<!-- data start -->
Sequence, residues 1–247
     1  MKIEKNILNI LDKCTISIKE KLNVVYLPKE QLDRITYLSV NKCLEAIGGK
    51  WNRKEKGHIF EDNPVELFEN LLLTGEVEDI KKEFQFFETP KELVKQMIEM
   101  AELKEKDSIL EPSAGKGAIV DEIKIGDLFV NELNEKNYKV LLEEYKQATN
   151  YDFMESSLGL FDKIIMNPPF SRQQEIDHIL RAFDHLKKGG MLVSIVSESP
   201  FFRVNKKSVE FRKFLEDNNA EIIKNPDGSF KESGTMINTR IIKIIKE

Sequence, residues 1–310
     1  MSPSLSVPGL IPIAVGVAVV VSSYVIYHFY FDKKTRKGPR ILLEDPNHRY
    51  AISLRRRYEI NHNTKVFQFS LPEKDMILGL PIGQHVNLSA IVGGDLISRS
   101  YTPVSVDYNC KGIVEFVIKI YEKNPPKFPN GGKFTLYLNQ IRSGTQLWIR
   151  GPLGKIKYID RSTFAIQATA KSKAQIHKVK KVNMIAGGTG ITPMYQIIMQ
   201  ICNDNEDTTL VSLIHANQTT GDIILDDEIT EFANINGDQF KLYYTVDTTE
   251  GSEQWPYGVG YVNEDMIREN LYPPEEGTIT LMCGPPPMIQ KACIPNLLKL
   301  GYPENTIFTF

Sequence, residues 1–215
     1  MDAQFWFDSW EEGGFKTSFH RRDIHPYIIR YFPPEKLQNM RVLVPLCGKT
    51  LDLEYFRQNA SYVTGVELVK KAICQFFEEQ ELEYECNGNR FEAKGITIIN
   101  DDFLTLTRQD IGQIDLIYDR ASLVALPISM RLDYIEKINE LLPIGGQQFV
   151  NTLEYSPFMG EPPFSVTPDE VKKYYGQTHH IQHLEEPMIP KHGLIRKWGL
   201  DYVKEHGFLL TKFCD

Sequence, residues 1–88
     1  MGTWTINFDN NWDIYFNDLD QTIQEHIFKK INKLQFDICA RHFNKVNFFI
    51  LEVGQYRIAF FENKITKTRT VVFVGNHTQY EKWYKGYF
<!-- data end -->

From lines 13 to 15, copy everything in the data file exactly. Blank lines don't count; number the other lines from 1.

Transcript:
   251  GSEQWPYGVG YVNEDMIREN LYPPEEGTIT LMCGPPPMIQ KACIPNLLKL
   301  GYPENTIFTF

Sequence, residues 1–215